# Search results

1. ### How cavendish determined the value of G

So, what did he use to bounce off the mirror?
2. ### How cavendish determined the value of G

Cadendish used a laser to bounce off a mirror on the balls and see the angle that the light beam creates after the balls attract each other. I dont know how he exactly used this to calculate it, I've heard that Cavendish calculated G by accident, that he was origionally trying to calculate the...
3. ### Pressue due to Ideal Gas

This is a well known and often used equation, if u want to see derivations just google it. I found some by googling "derivation root mean square velocity". http://itl.chem.ufl.edu/2041_f97/kin_thr/kin_thr.html [Broken] http://pitons.uwaterloo.ca/chem350/Resources/pressurederiv.pdf [Broken]
4. ### Pressue due to Ideal Gas

Its actually a manipulation of the ideal gas law combined with the equation for the rms of a molecule. PV = nRT PV = \frac{mRT}{M} where m = mass of molecule and M = moler mass. P = \frac{(m/V)RT}{M} = \frac{\rho RT}{M} c_r_m_s = \sqrt{\frac{3RT}{M}} c_r_m_s^2 =...
5. ### Gravity and angular momentum

You are right, centrifugal force doesnt actually exist, its only an effect that gives a force outward. Since all objects in motion want to stay in motion in a straight line...the constant spinning and changing in direction causes an outward "force". Angular momentum is what is actually present...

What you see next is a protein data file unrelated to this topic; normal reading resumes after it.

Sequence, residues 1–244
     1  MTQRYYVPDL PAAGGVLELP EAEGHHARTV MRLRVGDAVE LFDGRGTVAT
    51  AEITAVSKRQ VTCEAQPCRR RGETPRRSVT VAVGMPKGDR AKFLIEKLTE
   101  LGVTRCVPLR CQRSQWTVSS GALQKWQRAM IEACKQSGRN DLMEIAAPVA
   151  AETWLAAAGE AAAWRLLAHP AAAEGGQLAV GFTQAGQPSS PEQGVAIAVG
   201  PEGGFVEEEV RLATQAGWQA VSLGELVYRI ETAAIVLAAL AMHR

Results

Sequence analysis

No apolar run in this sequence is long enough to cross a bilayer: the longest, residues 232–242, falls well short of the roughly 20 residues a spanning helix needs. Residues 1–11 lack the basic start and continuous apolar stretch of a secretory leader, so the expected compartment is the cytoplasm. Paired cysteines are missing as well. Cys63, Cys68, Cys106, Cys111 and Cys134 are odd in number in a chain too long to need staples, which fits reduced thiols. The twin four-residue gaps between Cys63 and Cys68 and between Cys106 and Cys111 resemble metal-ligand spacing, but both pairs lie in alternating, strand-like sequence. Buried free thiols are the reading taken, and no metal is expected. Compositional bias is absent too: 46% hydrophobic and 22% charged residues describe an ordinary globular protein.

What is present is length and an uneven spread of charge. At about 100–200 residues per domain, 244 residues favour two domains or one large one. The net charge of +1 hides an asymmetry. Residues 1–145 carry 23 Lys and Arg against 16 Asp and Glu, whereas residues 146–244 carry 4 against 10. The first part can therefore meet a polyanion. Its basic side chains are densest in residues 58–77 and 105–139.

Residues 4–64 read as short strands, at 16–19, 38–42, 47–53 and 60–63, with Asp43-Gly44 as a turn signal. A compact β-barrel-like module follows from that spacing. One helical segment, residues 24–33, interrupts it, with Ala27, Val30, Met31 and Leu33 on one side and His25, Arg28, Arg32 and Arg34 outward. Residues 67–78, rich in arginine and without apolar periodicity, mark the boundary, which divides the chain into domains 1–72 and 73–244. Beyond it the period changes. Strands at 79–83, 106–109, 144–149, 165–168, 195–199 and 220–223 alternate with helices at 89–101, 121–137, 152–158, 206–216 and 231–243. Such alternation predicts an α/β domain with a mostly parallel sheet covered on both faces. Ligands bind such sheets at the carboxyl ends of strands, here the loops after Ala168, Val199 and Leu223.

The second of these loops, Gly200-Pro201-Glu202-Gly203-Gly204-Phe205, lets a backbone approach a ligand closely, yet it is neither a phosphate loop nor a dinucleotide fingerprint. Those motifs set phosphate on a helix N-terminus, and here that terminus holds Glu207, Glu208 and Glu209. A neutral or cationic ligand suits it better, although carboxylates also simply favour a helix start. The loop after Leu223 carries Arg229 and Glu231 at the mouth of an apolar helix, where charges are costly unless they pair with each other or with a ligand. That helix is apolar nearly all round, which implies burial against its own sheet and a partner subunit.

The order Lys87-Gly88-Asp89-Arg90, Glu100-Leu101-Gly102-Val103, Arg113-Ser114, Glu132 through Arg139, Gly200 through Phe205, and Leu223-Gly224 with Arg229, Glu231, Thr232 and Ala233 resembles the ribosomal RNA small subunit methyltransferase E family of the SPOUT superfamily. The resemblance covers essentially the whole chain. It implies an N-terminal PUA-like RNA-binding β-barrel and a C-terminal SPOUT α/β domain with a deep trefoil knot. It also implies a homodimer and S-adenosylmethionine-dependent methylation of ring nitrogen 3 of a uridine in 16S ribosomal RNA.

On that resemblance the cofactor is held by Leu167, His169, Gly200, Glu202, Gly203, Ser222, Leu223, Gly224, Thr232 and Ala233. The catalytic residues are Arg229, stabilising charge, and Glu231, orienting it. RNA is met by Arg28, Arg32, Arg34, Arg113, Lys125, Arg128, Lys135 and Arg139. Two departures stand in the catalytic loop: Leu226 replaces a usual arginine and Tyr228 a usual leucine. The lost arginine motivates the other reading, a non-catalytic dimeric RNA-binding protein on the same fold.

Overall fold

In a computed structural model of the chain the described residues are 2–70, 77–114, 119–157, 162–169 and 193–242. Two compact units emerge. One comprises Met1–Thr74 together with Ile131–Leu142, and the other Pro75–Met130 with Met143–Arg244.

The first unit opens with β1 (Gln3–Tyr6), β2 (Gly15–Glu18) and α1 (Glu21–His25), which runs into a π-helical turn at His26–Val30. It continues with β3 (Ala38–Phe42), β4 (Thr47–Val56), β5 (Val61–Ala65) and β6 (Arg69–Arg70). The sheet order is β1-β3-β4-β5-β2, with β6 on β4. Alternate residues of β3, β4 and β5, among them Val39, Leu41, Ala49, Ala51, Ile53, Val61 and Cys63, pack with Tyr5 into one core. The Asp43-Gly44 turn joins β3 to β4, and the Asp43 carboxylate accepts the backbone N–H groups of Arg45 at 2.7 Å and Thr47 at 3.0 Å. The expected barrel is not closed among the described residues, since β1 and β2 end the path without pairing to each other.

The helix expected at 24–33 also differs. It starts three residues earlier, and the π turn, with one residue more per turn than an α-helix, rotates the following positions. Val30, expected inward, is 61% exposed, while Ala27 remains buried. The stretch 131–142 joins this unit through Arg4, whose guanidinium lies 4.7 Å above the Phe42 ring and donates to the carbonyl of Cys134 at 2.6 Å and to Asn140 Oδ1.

6. ### Back in time by going faster than light?

I've heard that many times too, but never understud why either. I think its a bunch of crap when they say that. I think the only reason they say you will "go back in time" is because the the maximum speed at which information can be transfered is the speed of light. Going faster would mean you...
7. ### Generators: Water instead of a coil?

Yes, and with water you have many problems because theres only so much you can disolve in it in order for it to have ions. While with metals, you dont have the problem since its already conductive and plus is can be made superconductive if cooled.
8. ### Does Temperature affect the coeffecient of friction?

There are a lot of factors involved. For example, at 40 degrees the water vapor in the atmosphere would condense slightly on the pavement, making the road much more slippery and low in friction. Depending on the day, the water might mix with settled dust on the road, making a small layer of...
9. ### Does Temperature affect the coeffecient of friction?

That makes sense, but I thought that hot brake pads have less friction because they are expanded from normal.
10. ### Generators: Water instead of a coil?

That makes sense because liquid hydrogen is at almost obsolute zero, which means any current that goes through it will have very very little resistance, making it very conductive. Now that i think about it, it would be awsome to have a coil of wire in a generator which would be surrounded by a...
11. ### Generators: Water instead of a coil?

Using water in place of a coil is a terrible idea. Generators work by spinning a roter in the magnetic field of permanent magnets. The rotor has a coil of conductive wire, and as a conductor is moved through the magnetic field by spinning, it causes the flow of electrons in the conductor, which...
12. ### Generators: Water instead of a coil?

I not sure I understand...are you saying we should use water with electrolytes instead of a coil of wire in the generators? How do you expect the water to help produce greater electricity if you cant even coil it. Having the coil move through the magnetic field can generate a lot more power than...